Tour Carpe Diem

La Défense

Courbevoie, France

Project Details

2013
Project Partners
Robert A.M. Stern
Meghan L. McDermott
Kevin M. Smith
Graham S. Wyatt

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Description

Tour Carpe Diem is an important step forward in the evolution of La Défense toward pedestrian-friendly urbanism and environmentally responsible architecture. The 45,500 m2 building connects the raised esplanade—the "dalle" that continues the axis of the Champs-Elysées—and the urban fabric of the city of Courbevoie to the north. A pedestrian street leads to the building's winter garden and lobby; a monumental stair descends to a plaza on the Boulevard Circulaire, where a second front welcomes visitors at what was heretofore very much the back of the site. The building's faceted facades reflect this dual orientation and catch the ever-changing Parisian light to give the building a strong identity among the towers of La Défense.

The building meets the Boulevard Circulaire with a boutique and a V.I.P. entrance to the lobby above, accessed via a grand interior stair that ascends side-by-side with the exterior stair. The mezzanine accommodates an employee restaurant and a corporate cafeteria with views up and down the Boulevard. At the level of the dalle, the main lobby is augmented by a seventeen-meter-high winter garden, a skylighted oasis at the heart of La Défense in which visitors can meet next to an exotic vertical garden. A second restaurant one level above takes advantage of light and views of the winter garden. The building's thirty office floors offer 1,300 m2 of column-free space configured to maximize light and views. A rooftop clubhouse provides conference facilities including meeting rooms and an 80-seat dining room, all wrapped by an accessible roof garden that frames dramatic views over Paris.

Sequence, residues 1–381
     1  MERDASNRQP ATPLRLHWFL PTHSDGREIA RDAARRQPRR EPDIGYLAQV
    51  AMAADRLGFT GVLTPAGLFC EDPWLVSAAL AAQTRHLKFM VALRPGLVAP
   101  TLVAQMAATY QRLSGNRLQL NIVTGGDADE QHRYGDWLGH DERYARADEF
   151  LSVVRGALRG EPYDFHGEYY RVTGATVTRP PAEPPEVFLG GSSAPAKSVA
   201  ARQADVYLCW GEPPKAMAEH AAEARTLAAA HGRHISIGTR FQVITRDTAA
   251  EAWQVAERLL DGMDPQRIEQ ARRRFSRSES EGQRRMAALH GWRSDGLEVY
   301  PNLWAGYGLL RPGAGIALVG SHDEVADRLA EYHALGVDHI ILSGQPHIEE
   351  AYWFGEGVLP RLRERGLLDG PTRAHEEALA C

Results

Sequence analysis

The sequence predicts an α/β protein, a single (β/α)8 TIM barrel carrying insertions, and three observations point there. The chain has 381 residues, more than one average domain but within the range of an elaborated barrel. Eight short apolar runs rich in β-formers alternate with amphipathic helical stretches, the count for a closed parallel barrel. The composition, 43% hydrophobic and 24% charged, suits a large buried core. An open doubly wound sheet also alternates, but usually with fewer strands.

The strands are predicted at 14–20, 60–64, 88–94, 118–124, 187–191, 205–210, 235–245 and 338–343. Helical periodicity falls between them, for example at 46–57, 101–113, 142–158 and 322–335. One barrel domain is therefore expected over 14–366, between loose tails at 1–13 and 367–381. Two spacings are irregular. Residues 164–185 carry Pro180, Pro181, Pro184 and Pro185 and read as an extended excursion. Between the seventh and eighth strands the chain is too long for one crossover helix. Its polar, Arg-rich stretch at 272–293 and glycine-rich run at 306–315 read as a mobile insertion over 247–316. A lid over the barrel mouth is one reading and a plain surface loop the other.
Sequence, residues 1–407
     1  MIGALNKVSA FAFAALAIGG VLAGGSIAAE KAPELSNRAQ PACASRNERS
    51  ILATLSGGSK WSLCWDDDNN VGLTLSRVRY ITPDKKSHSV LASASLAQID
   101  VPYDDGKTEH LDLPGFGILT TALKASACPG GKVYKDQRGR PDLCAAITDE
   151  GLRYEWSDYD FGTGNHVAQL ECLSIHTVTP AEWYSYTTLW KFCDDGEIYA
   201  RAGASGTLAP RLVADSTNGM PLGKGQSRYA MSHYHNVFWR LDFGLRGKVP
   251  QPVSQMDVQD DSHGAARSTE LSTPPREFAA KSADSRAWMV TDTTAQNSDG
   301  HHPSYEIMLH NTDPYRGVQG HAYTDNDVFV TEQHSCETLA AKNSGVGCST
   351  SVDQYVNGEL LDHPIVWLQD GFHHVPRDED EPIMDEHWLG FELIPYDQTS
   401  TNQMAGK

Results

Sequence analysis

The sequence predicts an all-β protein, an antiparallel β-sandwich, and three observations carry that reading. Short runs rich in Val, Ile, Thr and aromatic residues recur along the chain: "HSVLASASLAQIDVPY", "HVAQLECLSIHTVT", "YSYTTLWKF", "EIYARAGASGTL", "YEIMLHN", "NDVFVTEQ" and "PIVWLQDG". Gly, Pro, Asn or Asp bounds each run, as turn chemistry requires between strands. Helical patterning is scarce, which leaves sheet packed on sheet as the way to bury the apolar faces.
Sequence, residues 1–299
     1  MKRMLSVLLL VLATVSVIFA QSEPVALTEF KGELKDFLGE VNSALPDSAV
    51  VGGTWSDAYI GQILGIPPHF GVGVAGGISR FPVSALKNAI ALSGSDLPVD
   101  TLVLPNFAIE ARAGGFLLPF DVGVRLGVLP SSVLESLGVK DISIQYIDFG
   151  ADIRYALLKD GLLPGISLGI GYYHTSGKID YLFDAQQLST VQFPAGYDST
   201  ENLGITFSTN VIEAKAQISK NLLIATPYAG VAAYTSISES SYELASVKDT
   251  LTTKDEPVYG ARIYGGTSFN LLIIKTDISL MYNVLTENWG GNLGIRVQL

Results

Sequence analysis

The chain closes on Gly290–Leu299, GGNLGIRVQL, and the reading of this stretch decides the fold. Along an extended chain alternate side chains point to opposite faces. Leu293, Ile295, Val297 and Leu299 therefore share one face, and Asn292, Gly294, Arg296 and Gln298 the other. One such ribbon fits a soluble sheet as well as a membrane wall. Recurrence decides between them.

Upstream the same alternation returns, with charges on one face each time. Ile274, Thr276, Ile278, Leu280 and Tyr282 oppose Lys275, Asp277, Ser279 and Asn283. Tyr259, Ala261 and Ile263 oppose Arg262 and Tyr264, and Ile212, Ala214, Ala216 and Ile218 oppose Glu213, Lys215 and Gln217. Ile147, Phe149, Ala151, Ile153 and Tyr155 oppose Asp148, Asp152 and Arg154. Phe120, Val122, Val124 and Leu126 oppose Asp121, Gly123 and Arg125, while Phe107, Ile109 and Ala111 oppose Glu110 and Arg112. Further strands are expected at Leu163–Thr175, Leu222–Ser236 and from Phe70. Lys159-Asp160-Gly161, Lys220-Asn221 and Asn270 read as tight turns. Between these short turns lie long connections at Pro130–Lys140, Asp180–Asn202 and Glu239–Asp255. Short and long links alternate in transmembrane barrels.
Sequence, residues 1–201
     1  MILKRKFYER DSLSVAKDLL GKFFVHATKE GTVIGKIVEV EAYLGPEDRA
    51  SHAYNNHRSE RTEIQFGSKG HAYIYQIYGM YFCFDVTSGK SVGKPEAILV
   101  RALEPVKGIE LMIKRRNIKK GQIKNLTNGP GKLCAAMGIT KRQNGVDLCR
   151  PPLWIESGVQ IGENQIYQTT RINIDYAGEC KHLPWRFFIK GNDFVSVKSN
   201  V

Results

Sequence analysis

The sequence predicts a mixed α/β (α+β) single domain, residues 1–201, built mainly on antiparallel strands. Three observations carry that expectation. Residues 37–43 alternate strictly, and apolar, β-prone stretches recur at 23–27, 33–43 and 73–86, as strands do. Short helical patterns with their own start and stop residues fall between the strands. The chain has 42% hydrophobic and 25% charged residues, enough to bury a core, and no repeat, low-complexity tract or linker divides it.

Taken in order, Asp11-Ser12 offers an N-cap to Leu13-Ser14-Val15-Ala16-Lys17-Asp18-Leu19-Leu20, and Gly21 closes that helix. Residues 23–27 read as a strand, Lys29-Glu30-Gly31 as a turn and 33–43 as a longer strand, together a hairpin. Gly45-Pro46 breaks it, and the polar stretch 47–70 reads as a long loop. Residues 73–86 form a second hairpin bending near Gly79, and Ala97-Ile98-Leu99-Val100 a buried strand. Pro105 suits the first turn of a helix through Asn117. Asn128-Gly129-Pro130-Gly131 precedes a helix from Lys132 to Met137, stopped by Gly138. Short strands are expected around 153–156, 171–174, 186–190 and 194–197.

Tour Carpe Diem significantly exceeds French Haute Qualité Environnementale regulations for environmentally responsible development and achieved LEED-CS Platinum certification; it is the first building in France to receive these dual certifications. The building relies on geothermal wells at its main energy source. Additional sustainable design strategies include solar water heating, a heat recovery system, high-performance lighting, controls for daylight dimming, and occupancy sensors.

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